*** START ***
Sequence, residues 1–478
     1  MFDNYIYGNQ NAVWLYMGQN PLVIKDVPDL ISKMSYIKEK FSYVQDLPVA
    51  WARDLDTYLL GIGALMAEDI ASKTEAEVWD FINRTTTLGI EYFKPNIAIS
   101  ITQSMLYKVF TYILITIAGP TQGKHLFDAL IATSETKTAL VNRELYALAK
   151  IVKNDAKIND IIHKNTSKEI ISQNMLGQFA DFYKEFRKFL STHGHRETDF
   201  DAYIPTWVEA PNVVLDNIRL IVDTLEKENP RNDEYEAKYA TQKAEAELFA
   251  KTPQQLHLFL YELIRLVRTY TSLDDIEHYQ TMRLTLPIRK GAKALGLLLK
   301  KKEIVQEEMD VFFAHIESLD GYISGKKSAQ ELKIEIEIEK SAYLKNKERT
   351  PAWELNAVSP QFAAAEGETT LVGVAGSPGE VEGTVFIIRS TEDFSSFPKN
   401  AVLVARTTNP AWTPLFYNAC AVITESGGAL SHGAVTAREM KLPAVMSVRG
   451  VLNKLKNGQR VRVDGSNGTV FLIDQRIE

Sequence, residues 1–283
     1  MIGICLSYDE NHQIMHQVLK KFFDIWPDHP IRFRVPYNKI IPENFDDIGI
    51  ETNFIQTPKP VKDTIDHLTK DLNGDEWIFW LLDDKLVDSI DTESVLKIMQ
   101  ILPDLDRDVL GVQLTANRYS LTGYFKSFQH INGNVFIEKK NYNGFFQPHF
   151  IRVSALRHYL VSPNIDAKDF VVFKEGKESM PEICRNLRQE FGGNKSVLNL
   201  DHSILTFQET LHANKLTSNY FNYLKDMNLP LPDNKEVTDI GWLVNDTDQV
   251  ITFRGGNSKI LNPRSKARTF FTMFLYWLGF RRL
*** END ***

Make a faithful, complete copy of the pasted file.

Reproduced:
Sequence, residues 1–478
     1  MFDNYIYGNQ NAVWLYMGQN PLVIKDVPDL ISKMSYIKEK FSYVQDLPVA
    51  WARDLDTYLL GIGALMAEDI ASKTEAEVWD FINRTTTLGI EYFKPNIAIS
   101  ITQSMLYKVF TYILITIAGP TQGKHLFDAL IATSETKTAL VNRELYALAK
   151  IVKNDAKIND IIHKNTSKEI ISQNMLGQFA DFYKEFRKFL STHGHRETDF
   201  DAYIPTWVEA PNVVLDNIRL IVDTLEKENP RNDEYEAKYA TQKAEAELFA
   251  KTPQQLHLFL YELIRLVRTY TSLDDIEHYQ TMRLTLPIRK GAKALGLLLK
   301  KKEIVQEEMD VFFAHIESLD GYISGKKSAQ ELKIEIEIEK SAYLKNKERT
   351  PAWELNAVSP QFAAAEGETT LVGVAGSPGE VEGTVFIIRS TEDFSSFPKN
   401  AVLVARTTNP AWTPLFYNAC AVITESGGAL SHGAVTAREM KLPAVMSVRG
   451  VLNKLKNGQR VRVDGSNGTV FLIDQRIE

Sequence, residues 1–283
     1  MIGICLSYDE NHQIMHQVLK KFFDIWPDHP IRFRVPYNKI IPENFDDIGI
    51  ETNFIQTPKP VKDTIDHLTK DLNGDEWIFW LLDDKLVDSI DTESVLKIMQ
   101  ILPDLDRDVL GVQLTANRYS LTGYFKSFQH INGNVFIEKK NYNGFFQPHF
   151  IRVSALRHYL VSPNIDAKDF VVFKEGKESM PEICRNLRQE FGGNKSVLNL
   201  DHSILTFQET LHANKLTSNY FNYLKDMNLP LPDNKEVTDI GWLVNDTDQV
   251  ITFRGGNSKI LNPRSKARTF FTMFLYWLGF RRL